Wally, Lamar Berrett was my favorite BYU professor! He enhanced my life as he helped me appreciate church history. He and I had many talks about areas here in the southeast that were significant. After 30 years, I still hold him dear in my heart. I wish I could have told him how much he meant to me and how he had a very important roll in the development of my testimony.

AZ Blue & Red
Gilbert, AZ

Many many years ago I was at lake Powell and hiked to hole in the rock where many saints passed through with their wagons. Hard to imagine them getting up through there but it was the only spot for many miles that they could get across the Colorado river. Lee's Ferry is another crossing down river and was run by Lee's family who were LDS. I think it was part of the Honeymoon trail.

Also I served a mission in Missouri and there are many spots off the beaten path that are fun to go see. Many on a dirt road. Haun's Mill is one of them. Not too many have been there. Hard to find. Also served at the Florence Neb. (Winter Quarters) where the Pioneer Cemetery is. Back then it was not too popular. aw a car now and then but now there is a visitor center and a Temple. Serving in the old Missouri Independence Mission that used to cover many of these areas was very educational. If you want to learn a bunch read about Independence and the 66+ acres of Temple site. Fascinating.

HottyToddy Saints
Bloomington, IL

Too often we overlook the impact of the Mississippi Saints and here are two much needed lesser known sites: Mormon Springs, MS where the Saints dammed a creek for baptisms and gathered before the trek west, or the Mormon Cemetery in Booneville, MS.

blue springs, MO

i have been to see the wagon ruts in the hard rocks. i felt so humbled and appreciative of my pioneer ancestors and all whom suffered to arrive in the salt lake valley. when i touched the ruts i cried but could understand their desires to move forward in faith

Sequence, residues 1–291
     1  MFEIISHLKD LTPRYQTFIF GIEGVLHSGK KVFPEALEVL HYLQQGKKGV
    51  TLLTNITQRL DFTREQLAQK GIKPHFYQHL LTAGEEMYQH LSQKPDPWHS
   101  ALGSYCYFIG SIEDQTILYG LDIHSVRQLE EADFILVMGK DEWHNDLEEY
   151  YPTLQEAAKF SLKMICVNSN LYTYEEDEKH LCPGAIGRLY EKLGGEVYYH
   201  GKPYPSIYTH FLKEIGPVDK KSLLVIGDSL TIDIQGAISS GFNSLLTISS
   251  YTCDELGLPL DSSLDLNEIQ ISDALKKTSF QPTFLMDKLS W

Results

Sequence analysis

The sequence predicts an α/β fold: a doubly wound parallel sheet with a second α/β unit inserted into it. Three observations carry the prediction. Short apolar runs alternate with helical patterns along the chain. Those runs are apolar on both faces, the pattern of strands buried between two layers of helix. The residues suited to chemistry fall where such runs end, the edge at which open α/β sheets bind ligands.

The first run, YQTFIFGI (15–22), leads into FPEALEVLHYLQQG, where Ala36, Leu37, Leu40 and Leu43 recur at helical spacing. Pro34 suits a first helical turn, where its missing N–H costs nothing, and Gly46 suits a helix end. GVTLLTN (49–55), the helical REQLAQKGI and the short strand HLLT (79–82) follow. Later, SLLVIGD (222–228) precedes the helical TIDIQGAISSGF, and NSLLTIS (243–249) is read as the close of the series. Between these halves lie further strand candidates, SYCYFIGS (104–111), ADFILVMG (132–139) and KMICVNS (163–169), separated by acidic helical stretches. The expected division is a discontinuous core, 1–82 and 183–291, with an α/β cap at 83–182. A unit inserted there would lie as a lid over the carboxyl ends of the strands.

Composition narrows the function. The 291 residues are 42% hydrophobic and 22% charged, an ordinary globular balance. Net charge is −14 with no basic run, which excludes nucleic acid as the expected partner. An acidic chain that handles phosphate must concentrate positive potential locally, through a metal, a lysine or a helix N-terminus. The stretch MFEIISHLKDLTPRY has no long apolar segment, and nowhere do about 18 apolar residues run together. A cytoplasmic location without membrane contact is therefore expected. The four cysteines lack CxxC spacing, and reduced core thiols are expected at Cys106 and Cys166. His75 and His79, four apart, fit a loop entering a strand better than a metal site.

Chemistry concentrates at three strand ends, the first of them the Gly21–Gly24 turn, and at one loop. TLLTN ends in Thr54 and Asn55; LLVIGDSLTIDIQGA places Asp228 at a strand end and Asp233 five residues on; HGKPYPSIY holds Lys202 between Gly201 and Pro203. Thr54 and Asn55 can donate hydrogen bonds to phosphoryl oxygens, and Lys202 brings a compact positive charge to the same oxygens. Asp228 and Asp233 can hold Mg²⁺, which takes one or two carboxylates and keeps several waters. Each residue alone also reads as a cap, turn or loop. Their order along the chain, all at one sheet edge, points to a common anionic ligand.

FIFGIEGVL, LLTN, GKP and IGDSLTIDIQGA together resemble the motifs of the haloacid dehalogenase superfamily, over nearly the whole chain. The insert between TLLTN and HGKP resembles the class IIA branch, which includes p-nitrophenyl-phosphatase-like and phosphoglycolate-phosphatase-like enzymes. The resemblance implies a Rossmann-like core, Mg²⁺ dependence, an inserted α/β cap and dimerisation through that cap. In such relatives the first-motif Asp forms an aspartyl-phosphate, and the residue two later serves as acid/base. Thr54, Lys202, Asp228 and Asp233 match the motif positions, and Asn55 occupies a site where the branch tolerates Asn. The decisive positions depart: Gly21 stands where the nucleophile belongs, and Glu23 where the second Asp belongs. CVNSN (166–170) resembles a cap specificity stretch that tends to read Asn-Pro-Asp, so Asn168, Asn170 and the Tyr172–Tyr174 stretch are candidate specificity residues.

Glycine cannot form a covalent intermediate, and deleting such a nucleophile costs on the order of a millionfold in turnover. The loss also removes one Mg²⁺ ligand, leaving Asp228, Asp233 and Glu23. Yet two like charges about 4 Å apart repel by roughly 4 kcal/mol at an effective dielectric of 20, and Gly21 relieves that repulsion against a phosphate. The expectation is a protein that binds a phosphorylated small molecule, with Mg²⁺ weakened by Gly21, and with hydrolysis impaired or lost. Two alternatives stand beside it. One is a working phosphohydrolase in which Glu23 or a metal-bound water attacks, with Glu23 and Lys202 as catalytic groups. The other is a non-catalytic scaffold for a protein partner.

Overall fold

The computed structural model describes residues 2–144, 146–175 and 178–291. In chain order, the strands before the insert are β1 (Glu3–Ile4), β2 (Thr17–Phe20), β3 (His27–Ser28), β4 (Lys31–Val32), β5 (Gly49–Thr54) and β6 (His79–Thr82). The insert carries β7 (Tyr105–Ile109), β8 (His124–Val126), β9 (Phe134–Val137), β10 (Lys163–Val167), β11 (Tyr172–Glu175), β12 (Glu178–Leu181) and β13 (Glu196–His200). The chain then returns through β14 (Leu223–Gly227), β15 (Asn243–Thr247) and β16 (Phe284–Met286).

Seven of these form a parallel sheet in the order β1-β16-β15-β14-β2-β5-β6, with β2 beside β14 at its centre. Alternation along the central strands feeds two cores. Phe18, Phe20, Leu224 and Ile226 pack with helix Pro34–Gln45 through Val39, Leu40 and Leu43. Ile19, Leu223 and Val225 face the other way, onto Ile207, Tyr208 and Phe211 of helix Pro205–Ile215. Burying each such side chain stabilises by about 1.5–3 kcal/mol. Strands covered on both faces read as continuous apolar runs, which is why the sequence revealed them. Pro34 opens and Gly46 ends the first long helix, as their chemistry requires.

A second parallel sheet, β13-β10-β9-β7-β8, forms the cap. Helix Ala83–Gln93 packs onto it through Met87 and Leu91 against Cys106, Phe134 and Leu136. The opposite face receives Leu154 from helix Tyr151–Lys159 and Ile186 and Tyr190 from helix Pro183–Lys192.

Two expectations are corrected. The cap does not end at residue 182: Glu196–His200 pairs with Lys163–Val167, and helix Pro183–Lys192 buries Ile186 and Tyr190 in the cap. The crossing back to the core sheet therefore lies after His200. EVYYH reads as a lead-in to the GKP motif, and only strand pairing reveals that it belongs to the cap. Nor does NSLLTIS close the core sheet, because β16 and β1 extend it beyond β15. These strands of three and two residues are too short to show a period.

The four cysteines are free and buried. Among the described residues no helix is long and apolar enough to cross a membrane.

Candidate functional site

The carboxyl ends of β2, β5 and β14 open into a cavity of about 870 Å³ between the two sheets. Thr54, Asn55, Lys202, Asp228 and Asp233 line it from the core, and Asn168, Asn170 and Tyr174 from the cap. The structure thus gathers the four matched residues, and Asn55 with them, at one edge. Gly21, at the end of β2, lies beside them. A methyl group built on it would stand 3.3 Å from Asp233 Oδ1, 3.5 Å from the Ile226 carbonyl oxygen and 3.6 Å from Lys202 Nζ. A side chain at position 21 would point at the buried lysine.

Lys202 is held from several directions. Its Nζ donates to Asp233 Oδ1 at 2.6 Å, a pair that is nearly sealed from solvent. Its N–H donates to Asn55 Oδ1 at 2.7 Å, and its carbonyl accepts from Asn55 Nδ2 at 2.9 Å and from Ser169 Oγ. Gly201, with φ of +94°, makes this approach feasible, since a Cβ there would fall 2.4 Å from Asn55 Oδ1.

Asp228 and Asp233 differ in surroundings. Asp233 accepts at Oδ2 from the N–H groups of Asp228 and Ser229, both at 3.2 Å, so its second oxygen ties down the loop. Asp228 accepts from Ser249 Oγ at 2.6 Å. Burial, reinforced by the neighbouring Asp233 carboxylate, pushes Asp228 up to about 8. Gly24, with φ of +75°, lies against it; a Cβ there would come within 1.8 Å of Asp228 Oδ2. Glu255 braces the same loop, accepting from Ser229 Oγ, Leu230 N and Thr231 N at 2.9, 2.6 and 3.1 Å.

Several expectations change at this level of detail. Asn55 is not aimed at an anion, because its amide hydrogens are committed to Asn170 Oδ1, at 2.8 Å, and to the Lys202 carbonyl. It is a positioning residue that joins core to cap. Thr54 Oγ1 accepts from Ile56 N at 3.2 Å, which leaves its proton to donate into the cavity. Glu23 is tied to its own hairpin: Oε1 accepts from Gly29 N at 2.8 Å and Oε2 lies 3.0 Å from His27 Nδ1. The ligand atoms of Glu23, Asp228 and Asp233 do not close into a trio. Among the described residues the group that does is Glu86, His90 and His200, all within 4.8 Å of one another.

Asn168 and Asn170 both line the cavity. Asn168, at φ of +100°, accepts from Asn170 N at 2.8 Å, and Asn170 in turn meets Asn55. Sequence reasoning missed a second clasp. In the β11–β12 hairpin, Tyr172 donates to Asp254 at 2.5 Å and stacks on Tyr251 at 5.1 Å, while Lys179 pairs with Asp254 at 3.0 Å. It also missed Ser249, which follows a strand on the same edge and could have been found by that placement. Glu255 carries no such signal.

Exton, PA

Perhaps other lesser known sites could also be investigate. The Battle of Crooked River, near Elmira Missouri; the site of Zions Camp on the Fishing River in Clay County, Missouri. And of course in every nations where the Gospel has been preached are the "first" places of baptisms, local significant ebent places, etc.

Sandy, UT


The is no irony. Whittingham coaches at the University that Brigham Young founded, not the one named after him.


The have been plenty of LDS chapels built over the years with stained glass windows. Some are still in existence. If memory serves me correctly, even the Assembly Hall on Temple Square has stained glass windows. I wish that the Deseret News would stop using that quote. It is misleading and inaccurate.

Provo, UT

I've been active LDS my entire life, and none of these places have any meaning for me.

Salt Lake City, UT

Put the list on one page. Your practice of running stories onto multiple small pages is very annoying.

San Jose, CA

I minored in History at BYU in 1994. I love history. I even tried to fall in love with my favorite History teachers daughter. I researched all that I could find that were not married. I was most impressed with this list THANK YOU I really enjoyed it and was most informed!


I would like to know the specific location of this alleged tabernacle property in Geneva, Illinois. Nobody here in the Geneva Illinois ward of the church is aware of where this property is. Where did Kenneth Mays take this picture? Thanks to anyone who can answer.

Junction City, KS

Morton County is not in Northeast Kansas. It is in the Southwest corner of our State. Fort Leavenworth is in the Northeast part of the State.

Nan BW
ELder, CO

No need for me to clarify the location of Morton County, KS since several others have done that. I will say that it was a great outing for my husband and me along with our son and his family who live in SW KS. It is such a peaceful out of the way spring pond. Rolla, in Morton County, is where Glenn Cunningham, a famous 4 minute mile runner, burned his legs so badly that doctors thought he would never walk. Walking was painful for him so he ran. He was not LDS; he was a generous man who spent his later years running a ranch for young men who needed a place to live, work and heal from troubled childhoods. There are so many neat things to be learned from visiting places such as these described in the article. I love it.

to comment

DeseretNews.com encourages a civil dialogue among its readers. We welcome your thoughtful comments.
About comments